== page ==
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With the trial of Bishop Álvarez, has the Ortega regime intimidated Nicaragua’s bishops?

Has the Nicaraguan regime successfully intimidated the local Church, or is more happening behind the scenes?

Bishop Rolando Álvarez appears in a Nicaraguan courtroom Dec. 13, where he was charged with conspiracy against the state. The bishop will face trial Jan. 10. Credit: Judiciary of Nicaragua.

The 10th Criminal Court of Managua, Nicaragua, held Jan. 10 an initial hearing against Bishop Rolando Álvarez of Matagalpa, who is facing charges of “conspiracy against national integrity” and “propagation of fake news.”

The court decided that Álvarez will face a public trial at an undisclosed future date, and will continue under house arrest in the meantime – even as human rights activists and legal scholars denounce the charges against the bishop as trumped-up, politically motivated, and meant to silence a sharp critic of the Daniel Ortega regime.

But while condemnations of Álvarez’s treatment have come from both Nicaraguan and international figures, the country’s bishops have made few public comments about the bishop’s arrest and pending trial.

The silence has led some in Nicaragua to ask if an arrest designed to intimidate the country’s bishops might actually be working, while others argue that the bishops have been quiet because of sensitive Vatican negotiations, which could eventually see Álvarez freed.

While Alvarez has been under house arrest since August 2022, other bishops in Nicaragua have been quiet about both the detention and upcoming trial of their confrere.

The website of the Nicaraguan bishops’ conference has not published any statements since January 1, and no bishop in the country has issued any official statement about Álvarez.

For her part, human rights activist and lawyer Martha Molina from the Observatory for Transparency and Anti-Corruption told The Pillar that silence from Nicaragua’s bishops has been noticeable in the country.

“They haven’t said anything. There is sepulchral silence in the bishops’ conference,” Molina said.

Activists at the Nicaraguan Center for Human Rights have issued statements demanding the Nicaraguan bishops “break their silence on the abuses against Bishop Álvarez.”

In a statement last month, the group focused on Cardinal Leopoldo José Brenes of Managua, whom the group has accused of both “remaining silent,” and of “issuing messages that seem to cover for the regime.”

But while human rights groups push for more from the country’s bishops, it is possible that their low public profile is aimed at keeping additional persecution to a minimum while some solution is worked out for Alvarez — especially since the county’s nuncio was exiled last year, leaving only diocesan bishops to spearhead negotiations with the government.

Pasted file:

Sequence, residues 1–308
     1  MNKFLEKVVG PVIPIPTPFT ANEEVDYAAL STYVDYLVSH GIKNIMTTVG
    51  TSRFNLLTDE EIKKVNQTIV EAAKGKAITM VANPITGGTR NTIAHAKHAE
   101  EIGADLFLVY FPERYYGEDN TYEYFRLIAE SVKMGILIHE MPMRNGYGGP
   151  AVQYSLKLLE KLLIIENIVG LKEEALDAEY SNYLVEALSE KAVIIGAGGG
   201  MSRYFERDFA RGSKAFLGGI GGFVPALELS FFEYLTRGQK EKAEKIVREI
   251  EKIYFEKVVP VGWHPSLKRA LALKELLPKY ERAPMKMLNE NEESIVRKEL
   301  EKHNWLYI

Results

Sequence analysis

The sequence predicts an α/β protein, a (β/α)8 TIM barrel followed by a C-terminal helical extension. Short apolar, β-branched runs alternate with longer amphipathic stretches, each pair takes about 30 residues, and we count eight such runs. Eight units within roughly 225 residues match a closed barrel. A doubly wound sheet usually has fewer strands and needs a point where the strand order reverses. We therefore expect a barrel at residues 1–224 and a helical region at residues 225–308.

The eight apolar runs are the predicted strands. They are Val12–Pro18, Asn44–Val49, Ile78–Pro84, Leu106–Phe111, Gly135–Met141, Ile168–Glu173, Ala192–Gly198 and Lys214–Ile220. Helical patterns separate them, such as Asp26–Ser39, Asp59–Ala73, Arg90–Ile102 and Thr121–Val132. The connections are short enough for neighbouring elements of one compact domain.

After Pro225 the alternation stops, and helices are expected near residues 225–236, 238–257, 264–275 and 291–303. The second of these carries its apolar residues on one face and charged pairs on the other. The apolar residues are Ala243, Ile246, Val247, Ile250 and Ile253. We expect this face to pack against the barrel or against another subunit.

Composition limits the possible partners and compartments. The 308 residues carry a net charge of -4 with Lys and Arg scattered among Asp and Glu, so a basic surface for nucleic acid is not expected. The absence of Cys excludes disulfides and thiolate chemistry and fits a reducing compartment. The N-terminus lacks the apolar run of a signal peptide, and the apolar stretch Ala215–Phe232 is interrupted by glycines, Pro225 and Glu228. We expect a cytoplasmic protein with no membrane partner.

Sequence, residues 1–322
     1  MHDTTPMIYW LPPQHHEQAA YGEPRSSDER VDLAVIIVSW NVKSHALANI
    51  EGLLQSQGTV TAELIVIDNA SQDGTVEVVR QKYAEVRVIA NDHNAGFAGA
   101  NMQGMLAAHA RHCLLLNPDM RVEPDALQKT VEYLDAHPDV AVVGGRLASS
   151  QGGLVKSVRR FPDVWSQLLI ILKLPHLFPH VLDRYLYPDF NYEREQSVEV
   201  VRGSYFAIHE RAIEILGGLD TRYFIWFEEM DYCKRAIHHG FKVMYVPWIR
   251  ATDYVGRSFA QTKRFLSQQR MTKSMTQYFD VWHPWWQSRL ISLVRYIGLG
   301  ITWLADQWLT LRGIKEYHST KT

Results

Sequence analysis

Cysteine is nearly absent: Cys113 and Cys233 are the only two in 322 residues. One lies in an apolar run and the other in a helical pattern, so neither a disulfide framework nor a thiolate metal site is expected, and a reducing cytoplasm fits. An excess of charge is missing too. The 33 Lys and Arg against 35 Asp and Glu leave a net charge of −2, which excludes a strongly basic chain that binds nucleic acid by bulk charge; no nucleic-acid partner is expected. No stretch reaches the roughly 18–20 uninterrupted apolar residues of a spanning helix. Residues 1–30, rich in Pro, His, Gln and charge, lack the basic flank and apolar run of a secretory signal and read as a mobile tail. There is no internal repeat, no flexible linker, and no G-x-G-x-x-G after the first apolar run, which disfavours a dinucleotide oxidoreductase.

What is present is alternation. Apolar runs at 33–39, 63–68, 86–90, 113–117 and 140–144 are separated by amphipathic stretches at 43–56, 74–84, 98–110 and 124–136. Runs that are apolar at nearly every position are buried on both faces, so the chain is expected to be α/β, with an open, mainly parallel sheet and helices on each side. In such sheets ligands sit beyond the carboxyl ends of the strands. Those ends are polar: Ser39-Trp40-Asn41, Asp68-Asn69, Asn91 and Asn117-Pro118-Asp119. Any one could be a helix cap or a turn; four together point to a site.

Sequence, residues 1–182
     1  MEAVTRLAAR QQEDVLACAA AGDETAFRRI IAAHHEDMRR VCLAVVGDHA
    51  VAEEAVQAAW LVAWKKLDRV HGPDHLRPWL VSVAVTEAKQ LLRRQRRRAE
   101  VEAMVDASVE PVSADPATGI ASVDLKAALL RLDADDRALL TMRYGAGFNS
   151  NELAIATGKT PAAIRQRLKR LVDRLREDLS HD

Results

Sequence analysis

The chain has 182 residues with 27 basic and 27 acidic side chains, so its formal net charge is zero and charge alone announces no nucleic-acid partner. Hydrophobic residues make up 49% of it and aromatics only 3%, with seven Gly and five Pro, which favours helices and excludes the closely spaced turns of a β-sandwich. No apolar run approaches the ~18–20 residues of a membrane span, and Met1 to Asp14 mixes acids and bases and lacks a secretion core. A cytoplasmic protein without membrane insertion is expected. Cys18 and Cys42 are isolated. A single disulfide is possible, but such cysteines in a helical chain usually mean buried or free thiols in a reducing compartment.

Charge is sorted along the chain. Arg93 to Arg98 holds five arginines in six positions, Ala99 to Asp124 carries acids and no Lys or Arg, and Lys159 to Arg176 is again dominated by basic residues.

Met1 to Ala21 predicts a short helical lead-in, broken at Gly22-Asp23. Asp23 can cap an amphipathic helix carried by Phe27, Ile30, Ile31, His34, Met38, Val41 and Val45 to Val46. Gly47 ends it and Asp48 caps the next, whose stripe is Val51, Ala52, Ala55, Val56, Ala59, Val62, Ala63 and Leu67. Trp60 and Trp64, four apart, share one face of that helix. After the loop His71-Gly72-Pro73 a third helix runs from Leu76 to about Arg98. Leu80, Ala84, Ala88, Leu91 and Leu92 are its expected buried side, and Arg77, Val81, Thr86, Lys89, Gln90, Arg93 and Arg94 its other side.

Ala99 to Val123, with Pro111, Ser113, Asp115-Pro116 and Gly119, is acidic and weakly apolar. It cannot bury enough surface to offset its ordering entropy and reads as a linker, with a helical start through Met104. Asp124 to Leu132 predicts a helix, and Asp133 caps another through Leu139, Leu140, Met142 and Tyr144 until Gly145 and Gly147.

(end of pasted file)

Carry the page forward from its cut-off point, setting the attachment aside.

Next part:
Last week, Bishop Carlos Herrera, president of the country’s episcopal conference, told local news outlet Despacho 505 that the Holy See has been negotiating with the Nicaraguan regime regarding Bishop Álvarez.

“I can't tell you much because they are matters of state, but there is an ongoing process, dialogue with the Holy See, to clarify why they are accusing him.”

Herrera’s comments came after the Vatican’s Dicastery for Bishops appointed Fr. Frutos Valles Salmerón as a temporary administrator of the Diocese of Estelí, where Bishop Álvarez had already been apostolic administrator, in addition to his permanent post in Matagalpa.

The move – a temporary replacement of a temporary leader - is unusual in the Church. It was likely made to provide for the needs of the diocese while avoiding any suggestion that the Holy See had given up on Álvarez.

"Fr. Frutos is appointed as coordinator of the pastoral ministry of the Diocese [of Estelí]. It cannot be called a substitution, but rather, since Bishop Alvarez cannot exercise physically now, due to his situation, Father Frutos is rather as coordinator, not as administrator," Herrera said.

According to local media, the move could also be part of the negotiation process between the Vatican and the country’s bishops on one side, and the Nicaraguan regime on the other — with the Holy See demonstrating that it won’t remove Álvarez from any leadership positions in the country.

But it is not clear what role Alvarez himself might have in negotiations, and what his voice could mean for any attempt at a mediated solution.

That could leave the Ortega administration and the bishops at a stalemate: while Ortega is aware of the political cost of jailing a bishop widely popular both in Nicaragua and abroad, Álvarez may force the issue, as he has reportedly refused offers that would allow him to leave the country in exile.

Bishop José Antonio Canales of Danlí, Honduras – who is considered to have in-depth knowledge of the church in Nicaragua and has received persecuted priests from the country – claimed recently that the options on the table for Álvarez - apart from jail - will probably not prove acceptable to the bishop:

“We suppose that this is the offer that [Ortega] has made to Bishop Álvarez: either he remains silent in Nicaragua, which he is not going to do because his character and his personality prevent it, or he goes into exile.”

No matter the cause, while bishops in Nicaragua have been quiet, other voices have spoken out on behalf of Álvarez.